Indianapolis?  All I can do is shake my head in embarrassment.  We have a race track of some repute, and a couple of decent sports teams.  We can even boast of a former President in Benjamin Harrison, or famous writers and artists like James Whitcomb Riley, Kurt Vonnegut and T. C. Steele.  But what local food that is unavailable anywhere else do we proudly serve our guests?  Sorry locals, but Hoosier Hospitality just isn’t a good enough answer.

Could we be too late?  The old timers in other places came up with their signature foods before the days of the internet and Food TV, which may have given time for a local favorite to take root among the citizens.  Now, as soon as someone comes up with something new and yummy, it gets copied everywhere.  I, however, refuse to believe that we are past the point of no return on an Indianapolis signature menu item.

I guess this means that I need to get busy and come up with something.  You native Indianapolisers have had a hundred years or more and have yet to deliver.  But what will it be?  I have no idea yet, but ideas involving pork, corn or dairy products are promising given their prominence in local diets.  Testing will be arduous and I may have to sacrifice my trim physique in order to make this happen for you people.  But sometimes selfish pleasures must be put aside so that the necessary sacrifices can be made.  Really, I’m doing it all for you.

7 thoughts on “Gastro-Noplace

  1. You have a good point about lack of food notoriety. With pork, corn, and dairy how about a corn flour coated pork steak, deep fried and topped with milk gravy? Just a thought.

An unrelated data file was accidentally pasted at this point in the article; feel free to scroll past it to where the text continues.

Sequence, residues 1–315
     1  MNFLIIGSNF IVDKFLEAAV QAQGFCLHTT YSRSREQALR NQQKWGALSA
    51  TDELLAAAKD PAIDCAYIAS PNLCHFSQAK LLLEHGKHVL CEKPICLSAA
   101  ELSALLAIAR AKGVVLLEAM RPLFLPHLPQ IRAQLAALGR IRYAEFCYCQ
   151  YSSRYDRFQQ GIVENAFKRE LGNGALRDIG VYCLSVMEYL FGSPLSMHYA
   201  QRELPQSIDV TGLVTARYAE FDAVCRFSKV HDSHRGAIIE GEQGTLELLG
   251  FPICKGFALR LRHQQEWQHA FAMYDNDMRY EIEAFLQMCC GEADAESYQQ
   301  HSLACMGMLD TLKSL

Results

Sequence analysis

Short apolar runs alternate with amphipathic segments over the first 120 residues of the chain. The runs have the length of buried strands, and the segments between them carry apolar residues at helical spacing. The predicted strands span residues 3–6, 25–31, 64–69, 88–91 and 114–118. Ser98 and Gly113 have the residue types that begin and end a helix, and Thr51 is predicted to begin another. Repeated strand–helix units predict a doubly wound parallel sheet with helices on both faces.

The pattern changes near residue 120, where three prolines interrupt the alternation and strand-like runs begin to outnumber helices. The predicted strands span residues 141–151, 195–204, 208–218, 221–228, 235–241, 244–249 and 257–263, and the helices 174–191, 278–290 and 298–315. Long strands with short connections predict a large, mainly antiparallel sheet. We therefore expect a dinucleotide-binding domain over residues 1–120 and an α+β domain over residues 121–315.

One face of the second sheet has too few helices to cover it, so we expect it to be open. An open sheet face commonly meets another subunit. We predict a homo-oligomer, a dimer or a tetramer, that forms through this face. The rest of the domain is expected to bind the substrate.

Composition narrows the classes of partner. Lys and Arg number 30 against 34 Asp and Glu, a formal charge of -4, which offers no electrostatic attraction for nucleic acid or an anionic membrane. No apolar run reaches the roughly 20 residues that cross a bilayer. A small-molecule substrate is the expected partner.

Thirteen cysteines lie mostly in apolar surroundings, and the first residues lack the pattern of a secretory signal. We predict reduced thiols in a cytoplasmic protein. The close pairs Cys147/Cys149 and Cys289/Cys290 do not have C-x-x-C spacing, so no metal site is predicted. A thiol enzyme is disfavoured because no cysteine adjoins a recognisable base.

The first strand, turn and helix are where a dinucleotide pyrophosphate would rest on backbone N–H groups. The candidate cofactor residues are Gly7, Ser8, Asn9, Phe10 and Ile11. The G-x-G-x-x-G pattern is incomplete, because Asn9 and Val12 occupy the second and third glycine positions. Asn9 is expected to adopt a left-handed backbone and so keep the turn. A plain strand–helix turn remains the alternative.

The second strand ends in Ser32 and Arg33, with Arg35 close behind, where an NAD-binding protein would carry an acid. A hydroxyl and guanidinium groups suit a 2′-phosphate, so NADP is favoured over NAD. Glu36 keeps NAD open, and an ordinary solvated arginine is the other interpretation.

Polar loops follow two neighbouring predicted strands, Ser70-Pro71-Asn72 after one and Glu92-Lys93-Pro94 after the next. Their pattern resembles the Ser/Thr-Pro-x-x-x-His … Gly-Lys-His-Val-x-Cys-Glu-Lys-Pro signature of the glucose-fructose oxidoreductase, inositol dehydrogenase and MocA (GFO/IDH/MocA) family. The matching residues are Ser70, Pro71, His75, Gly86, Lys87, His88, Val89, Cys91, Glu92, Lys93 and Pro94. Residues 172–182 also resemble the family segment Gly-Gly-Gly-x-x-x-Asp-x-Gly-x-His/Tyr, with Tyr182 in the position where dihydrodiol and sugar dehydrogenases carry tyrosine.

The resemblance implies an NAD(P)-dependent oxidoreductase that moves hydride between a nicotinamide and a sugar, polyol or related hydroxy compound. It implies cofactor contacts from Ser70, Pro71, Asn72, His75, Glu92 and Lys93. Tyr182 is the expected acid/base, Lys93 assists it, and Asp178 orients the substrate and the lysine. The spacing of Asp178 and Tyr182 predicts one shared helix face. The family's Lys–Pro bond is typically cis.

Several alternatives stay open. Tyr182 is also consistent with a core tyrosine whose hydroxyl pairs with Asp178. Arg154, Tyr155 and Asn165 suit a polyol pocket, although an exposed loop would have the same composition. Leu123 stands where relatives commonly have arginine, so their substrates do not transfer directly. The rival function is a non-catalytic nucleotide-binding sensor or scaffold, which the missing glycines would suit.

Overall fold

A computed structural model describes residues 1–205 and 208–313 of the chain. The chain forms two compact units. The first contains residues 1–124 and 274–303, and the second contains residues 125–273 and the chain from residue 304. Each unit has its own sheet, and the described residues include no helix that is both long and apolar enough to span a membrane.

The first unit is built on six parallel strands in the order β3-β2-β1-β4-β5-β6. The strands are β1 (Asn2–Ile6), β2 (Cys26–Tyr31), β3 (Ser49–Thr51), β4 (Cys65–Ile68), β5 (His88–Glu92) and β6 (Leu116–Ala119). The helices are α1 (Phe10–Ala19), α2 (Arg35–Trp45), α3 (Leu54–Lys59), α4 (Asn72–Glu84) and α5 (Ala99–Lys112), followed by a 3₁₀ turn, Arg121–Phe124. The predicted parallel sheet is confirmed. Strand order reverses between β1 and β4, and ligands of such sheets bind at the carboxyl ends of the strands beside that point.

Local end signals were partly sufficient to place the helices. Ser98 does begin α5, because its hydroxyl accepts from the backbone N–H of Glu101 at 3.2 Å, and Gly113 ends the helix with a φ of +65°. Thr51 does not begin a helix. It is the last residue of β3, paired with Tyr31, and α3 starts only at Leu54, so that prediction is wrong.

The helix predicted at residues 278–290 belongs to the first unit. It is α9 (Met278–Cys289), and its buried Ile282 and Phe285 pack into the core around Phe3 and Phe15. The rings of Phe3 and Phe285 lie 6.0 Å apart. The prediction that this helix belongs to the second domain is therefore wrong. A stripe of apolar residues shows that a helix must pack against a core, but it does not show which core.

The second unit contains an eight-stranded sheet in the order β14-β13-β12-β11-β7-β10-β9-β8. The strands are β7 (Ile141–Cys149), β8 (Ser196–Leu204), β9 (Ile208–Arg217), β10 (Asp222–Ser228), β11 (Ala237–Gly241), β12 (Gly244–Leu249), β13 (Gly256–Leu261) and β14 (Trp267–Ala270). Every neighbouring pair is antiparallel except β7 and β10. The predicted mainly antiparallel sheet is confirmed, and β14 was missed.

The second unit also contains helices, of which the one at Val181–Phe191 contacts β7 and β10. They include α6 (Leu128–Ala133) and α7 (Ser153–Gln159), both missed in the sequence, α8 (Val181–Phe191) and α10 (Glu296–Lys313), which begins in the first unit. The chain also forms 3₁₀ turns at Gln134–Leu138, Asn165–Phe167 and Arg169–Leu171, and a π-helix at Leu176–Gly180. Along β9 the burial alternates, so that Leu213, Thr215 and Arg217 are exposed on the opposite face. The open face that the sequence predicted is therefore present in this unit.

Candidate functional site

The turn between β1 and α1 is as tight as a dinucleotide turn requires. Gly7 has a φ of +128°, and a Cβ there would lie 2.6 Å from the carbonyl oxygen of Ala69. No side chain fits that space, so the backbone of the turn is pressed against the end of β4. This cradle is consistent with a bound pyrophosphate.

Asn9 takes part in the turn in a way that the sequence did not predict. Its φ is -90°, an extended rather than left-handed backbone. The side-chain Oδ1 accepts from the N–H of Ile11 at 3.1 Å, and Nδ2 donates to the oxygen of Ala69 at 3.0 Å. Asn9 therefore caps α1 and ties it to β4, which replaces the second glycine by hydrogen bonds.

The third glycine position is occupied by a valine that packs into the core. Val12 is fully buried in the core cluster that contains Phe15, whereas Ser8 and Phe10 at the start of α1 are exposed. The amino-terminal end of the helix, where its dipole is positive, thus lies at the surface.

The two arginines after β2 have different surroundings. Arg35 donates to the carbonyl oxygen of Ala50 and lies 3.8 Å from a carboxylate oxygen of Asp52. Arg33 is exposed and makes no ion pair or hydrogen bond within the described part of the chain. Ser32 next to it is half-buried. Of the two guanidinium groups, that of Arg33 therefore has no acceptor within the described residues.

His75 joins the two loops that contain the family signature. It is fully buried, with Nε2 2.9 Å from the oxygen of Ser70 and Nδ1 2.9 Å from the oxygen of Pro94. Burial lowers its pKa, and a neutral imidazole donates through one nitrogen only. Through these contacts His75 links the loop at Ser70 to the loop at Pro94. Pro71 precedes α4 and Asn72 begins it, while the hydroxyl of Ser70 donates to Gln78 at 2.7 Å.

However, Indianapolis is known for something entirely different. It has been identified as being the best town in the US to be devoid of any sort of regional accent. At least for US English.

    Liked by 1 person

  2. That’s an interesting concept, since in my area we run it opposite. Compared to you Americans most of us are relatively recent immigrants and we identify more with ethnic food from the mother country since we haven’t been hanging around here for 200 years, developing our own regional cuisine (or not).

    For instance as a Dutch Canadian (Note mother country comes first in the description) I am rather partial to croquettes, boerenkool and appleflappen. And Grolsch beer. This morning we were ribbing our Vietnamese colleague about making spring rolls for us (she won’t although she can) and I found a great place for goat roti from my Jamaican co-worker.

    But Canadian regional food? Uhh, butter tarts? poutine?

    Like

  3. Pingback: 2017 Already? | J. P. Cavanaugh's Blog